When she posted it on Facebook, I thought she was posted for someone else. I had just finished supper and was eating fudge ripple ice cream and watching Swamp Thing. I got sick to my stomach when I realized she was talking of herself. And I mentioned something to my ex, Beverly, but I don’t know if it registered. I went to put the ice cream up because I was no longer hungry and I didn’t know how to react.

Everyone was commented but I didn’t know what to say. What do you say? I wanted to kill the fucking guy. And that’s no hyperbole. I wanted him dead. I still do. I wanted to throw it all away to take a baseball bat and break some bones of someone I had never met nor probably will never see. Now, that she’s gone, I don’t see the police really stepping up to take on a cold case like this.

For a while everything changed in me. I shut down for a while and a lot of other things happened. Donald Trump got elected and I just got so fucking upset at the world, I didn’t care anymore. I didn’t want to watch anything where women were harmed. I watched the Fargo show and there this scene where Mary Elizabeth Winstead played a character who reminded me of her and she gets beaten and I had a panic attack.

Beverly had some health problems over the next couple of years and I tried to carry on. It didn’t help having all this happen at once. I had no one to talk to. Kerry met another guy and she looked happy so maybe he was going to be the one. They got married and she moved temporarily to Calhoun, Ga., where we went to school and had the whole world ahead of both of us. I wanted to return just to visit and kicked myself for not. The problem was Bev’s health was not conditional for traveling. We had some other things happening.

Then, one day in the Fall of 2018, she posted a photo of herself with a black eye. My first instinct was that the third husband wasn’t the charm. She later said she had a seizure and fell face first and some other pictures were worst. But I’m still left to worry what really happened. She said he left after an argument. But she moved to Florida shortly after. She sold the house in Calhoun, packed all up with help. She attended grief counseling in Florida.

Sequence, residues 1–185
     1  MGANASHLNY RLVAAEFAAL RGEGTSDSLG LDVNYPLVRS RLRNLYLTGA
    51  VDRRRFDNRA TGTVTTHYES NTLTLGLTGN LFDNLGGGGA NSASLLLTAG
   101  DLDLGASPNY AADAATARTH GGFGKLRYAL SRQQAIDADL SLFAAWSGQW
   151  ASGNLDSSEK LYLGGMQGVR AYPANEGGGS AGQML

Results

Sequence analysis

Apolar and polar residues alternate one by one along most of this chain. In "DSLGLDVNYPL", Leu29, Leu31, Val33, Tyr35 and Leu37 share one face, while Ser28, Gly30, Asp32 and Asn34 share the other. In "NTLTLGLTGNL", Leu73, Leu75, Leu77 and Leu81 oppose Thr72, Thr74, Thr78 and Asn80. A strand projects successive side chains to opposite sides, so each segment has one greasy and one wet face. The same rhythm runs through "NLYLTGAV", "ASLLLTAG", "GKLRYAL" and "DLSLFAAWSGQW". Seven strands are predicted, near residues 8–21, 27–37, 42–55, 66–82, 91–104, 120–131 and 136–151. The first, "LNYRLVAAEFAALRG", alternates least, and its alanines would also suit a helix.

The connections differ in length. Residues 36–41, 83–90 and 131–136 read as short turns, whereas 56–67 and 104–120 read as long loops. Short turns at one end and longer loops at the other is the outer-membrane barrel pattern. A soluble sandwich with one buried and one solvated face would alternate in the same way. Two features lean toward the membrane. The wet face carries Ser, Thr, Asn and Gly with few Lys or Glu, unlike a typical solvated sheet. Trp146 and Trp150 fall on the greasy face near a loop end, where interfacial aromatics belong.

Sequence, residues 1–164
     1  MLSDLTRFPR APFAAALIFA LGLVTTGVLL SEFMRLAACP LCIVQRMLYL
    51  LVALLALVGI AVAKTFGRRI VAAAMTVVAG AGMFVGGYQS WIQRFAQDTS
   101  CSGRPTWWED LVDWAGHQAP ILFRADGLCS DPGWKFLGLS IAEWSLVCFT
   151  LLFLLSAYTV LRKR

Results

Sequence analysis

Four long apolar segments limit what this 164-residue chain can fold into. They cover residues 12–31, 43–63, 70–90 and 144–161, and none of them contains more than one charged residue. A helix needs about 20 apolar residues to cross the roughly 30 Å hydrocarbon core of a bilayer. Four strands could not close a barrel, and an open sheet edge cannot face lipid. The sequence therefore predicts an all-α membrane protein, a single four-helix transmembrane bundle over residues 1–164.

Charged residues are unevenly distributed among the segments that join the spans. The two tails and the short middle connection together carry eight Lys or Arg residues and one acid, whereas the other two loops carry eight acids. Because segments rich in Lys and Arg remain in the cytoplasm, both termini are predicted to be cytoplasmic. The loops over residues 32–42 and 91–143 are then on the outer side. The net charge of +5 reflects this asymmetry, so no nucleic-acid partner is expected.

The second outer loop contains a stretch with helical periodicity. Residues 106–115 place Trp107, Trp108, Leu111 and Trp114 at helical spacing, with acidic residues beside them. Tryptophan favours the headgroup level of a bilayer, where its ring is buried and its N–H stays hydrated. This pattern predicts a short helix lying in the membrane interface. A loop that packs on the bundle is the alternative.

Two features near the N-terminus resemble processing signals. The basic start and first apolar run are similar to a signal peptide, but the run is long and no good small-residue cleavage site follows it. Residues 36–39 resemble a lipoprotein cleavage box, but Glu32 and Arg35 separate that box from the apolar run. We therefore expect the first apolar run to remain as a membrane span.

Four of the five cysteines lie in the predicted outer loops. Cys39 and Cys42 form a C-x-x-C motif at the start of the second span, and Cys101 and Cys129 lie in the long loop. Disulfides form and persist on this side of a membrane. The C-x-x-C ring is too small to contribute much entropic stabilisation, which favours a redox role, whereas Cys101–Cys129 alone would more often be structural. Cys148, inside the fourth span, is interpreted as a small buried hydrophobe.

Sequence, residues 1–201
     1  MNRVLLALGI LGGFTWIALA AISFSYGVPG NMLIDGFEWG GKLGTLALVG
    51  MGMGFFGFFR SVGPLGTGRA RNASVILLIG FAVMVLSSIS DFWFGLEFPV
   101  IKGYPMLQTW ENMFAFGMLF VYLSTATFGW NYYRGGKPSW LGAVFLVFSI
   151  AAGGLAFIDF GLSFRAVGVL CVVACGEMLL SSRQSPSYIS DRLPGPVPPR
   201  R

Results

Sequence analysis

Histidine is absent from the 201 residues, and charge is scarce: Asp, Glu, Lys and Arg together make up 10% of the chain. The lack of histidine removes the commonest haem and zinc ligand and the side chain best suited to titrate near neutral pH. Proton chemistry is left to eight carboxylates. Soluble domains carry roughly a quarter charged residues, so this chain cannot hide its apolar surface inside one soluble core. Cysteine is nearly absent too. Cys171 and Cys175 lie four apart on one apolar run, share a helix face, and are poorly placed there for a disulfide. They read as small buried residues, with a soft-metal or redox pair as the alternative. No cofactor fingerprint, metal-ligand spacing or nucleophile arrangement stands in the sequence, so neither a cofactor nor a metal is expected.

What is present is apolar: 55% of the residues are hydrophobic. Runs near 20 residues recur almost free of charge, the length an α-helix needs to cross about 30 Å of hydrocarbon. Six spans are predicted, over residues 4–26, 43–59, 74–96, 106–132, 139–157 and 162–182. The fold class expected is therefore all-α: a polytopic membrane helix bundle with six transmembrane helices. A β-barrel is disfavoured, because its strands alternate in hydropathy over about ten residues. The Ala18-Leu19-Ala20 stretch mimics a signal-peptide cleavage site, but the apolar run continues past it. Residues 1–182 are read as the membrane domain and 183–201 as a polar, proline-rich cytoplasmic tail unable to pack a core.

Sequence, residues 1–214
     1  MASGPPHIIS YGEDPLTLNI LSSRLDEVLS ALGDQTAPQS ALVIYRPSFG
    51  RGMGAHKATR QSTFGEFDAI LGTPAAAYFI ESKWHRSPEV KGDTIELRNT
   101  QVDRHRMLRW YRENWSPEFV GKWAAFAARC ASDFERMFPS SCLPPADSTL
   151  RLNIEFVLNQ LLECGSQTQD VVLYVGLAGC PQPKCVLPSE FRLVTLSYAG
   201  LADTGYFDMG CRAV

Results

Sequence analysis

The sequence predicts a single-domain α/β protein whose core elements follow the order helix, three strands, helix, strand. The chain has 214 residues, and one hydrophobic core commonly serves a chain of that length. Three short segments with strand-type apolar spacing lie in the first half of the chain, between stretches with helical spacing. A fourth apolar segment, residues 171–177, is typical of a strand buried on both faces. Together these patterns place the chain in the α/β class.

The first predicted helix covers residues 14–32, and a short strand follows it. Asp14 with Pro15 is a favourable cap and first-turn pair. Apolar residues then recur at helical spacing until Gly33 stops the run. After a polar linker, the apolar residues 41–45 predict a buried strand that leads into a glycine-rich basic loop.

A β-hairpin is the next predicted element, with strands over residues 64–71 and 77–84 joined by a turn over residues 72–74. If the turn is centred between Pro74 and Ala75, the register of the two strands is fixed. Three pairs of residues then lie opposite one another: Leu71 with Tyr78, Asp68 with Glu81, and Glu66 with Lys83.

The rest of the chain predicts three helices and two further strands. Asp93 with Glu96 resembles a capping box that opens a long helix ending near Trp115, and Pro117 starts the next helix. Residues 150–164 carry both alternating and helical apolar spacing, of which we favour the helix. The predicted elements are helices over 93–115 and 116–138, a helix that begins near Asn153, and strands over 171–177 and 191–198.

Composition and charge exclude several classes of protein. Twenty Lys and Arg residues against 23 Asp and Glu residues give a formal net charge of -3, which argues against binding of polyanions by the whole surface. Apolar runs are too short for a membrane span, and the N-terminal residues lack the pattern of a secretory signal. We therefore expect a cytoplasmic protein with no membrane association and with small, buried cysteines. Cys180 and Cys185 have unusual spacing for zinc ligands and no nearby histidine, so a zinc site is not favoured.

She told me about husband No. 2 and that while she was on the road from Arizona back to Georgia, she was passing through Oklahoma and wanted to see me. But while on the road, her eldest furbaby got ill and they stopped at a vet hospital in Oklahoma. She wanted to see me but I understand why she didn’t. This was when someone we knew had been arrested and charged fort two murders of women he knew. His mother had helped her get a job, so she was connected to the family. That trauma and grief on top of everything that had happened hurt her, I know.

But I always had my feelings that something might have happened when she was married to the third husband in Calhoun that she didn’t want to tell me. She didn’t want to tell anyone. Maybe I was wrong about that. Part of me wonders about what really happened. Sometimes, it’s easier to tell the person a lie than the truth. We call then “white lies.”

Going back to 2016, during July, Beverly had a minor stroke or TIA (transient ischemic attack). But whatever it was, the hospital couldn’t find it. She wasn’t acting right one day. I called 911 and first responders and the ambulance were called. They took her to the hospital in Tulsa. I grabbed everything and followed. I was about 15 minutes on the road when my phone rang and I thought the worst.